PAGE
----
Film examines the use of music in Iraq war



The film stays away from political views.
By CHELSEA J. CARTER
ASSOCIATED PRESS
NEW YORK -- The images captured in "VH1 News Presents: Soundtrack To War," combines the use of music by America's soldiers and the unsettling pictures of war.
A group of soldiers stands on a rooftop, singing gospel music. Suddenly, bombs explode. Nearby, black smoke rises.
A tank crew cranks up a heavy metal song to gear up for combat.
Using personal testimonies, the one-hour documentary examines the soldiers' use of music for inspiration, motivation and mourning. The result: a unique look at youth in war.
"Soundtrack To War," airing at 9 tonight, follows soldiers of the Army's 1st Armored Division during their 15-month deployment in Iraq from April 2003 to July 2004, one of the military's longest deployments since Vietnam.
"They couldn't do it without their music. They couldn't get through it without it," Australian filmmaker George Gittoes says.
Telling their stories
Gittoes, who directed this documentary, relies on the soldiers to tell their own story as songs -- including ones written by the soldiers -- push the documentary along.
The approach is effective, giving viewers a sense of who these soldiers are and what they face.
Several scenes in Gittoes' film were featured in Michael Moore's "Fahrenheit 9/11." But unlike Moore's film, "Soundtrack To War" centers on the soldiers' personal feelings rather than their political ones.
Though soldiers are typically cautious with their comments, they open up to Gittoes about music. And as they do, they talk about their war experiences.
The documentary begins with soldiers confiding how various songs -- from Drowning Pool's "Let the Bodies Hit the Floor" to Mystikal's "Round Out the Tank" -- help psyche them up before battle.
One soldier explains why Drowning Pool's song was the motto for his tank crew during battles. Another tells how rapper Tupac Shakur's songs were funneled through headsets in an M-1 Abrams tank as it rolled from Kuwait into Iraq at the start of the war, and then changed to the Triple 6 Mafia when they hit the streets of Baghdad.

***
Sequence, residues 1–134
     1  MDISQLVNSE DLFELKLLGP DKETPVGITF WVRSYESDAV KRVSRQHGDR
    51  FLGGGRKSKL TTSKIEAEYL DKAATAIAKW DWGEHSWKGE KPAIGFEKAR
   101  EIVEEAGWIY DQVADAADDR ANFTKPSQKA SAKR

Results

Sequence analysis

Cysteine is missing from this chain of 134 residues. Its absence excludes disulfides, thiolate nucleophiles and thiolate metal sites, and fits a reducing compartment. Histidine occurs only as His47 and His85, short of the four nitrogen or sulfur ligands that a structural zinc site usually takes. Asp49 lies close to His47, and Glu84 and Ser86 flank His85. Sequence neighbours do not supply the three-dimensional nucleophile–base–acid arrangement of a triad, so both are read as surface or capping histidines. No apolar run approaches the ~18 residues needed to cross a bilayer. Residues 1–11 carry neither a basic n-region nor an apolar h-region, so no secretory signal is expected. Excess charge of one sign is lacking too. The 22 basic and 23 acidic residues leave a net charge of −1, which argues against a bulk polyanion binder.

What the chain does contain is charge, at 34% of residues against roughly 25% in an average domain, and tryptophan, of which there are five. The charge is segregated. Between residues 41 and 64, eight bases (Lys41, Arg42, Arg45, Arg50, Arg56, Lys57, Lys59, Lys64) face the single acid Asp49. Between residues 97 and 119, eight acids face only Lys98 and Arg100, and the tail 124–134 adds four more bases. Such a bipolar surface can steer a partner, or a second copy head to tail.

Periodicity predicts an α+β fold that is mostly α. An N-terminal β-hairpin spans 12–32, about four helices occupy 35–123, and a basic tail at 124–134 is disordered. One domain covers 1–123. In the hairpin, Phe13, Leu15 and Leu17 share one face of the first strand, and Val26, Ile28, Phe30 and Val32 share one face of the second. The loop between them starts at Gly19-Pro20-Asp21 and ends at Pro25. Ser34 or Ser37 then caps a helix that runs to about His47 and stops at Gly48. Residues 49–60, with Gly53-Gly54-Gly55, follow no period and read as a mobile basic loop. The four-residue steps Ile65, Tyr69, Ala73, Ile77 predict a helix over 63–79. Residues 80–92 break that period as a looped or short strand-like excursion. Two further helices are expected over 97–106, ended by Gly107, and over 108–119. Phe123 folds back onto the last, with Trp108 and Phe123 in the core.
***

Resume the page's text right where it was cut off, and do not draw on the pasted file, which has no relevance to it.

In one scene, a soldier talks about his affinity for punk rock and how few in his unit like the music. He tells Gittoes how there was another soldier he bonded with over the music -- one who was later killed by a roadside bomb.
Surviving
In another scene, Pfc. Yona Hagos raps about being "like a biological weapon" and surviving enemy gunfire. In the credits, viewers learn he was later hit with a rocket-propelled grenade.
"The song is about trying to survive," Hagos told The Associated Press. "I'm trying to get over it."
In one of the film's most memorable segments, a scene opens with soldiers on patrol in Baghdad when a car bomb explodes, killing a family in a car. In the back seat, a child's toys are spattered with blood. The scene moves to two soldiers -- Spc. Joshua Revak and Sgt. Trenton Dull -- sitting near a tank, strumming acoustic guitars. They explain how they became friends during the war, and wrote a song together to honor fallen comrades.
"No other American sitting back in America can ever come close to understanding what a soldier goes through on the streets of Baghdad," Revak says.
In the film's final scenes, there's a message of hope as three young soldiers -- all from different ethnic backgrounds -- rap about their experiences in Iraq.
"Music," Spc. Jaimeron Tippins, one of the trio, says in the film, "has a lot to do with uniting us out here."
Copyright 2004 Associated Press. All rights reserved. This material may not be published, broadcast, rewritten, or redistributed.

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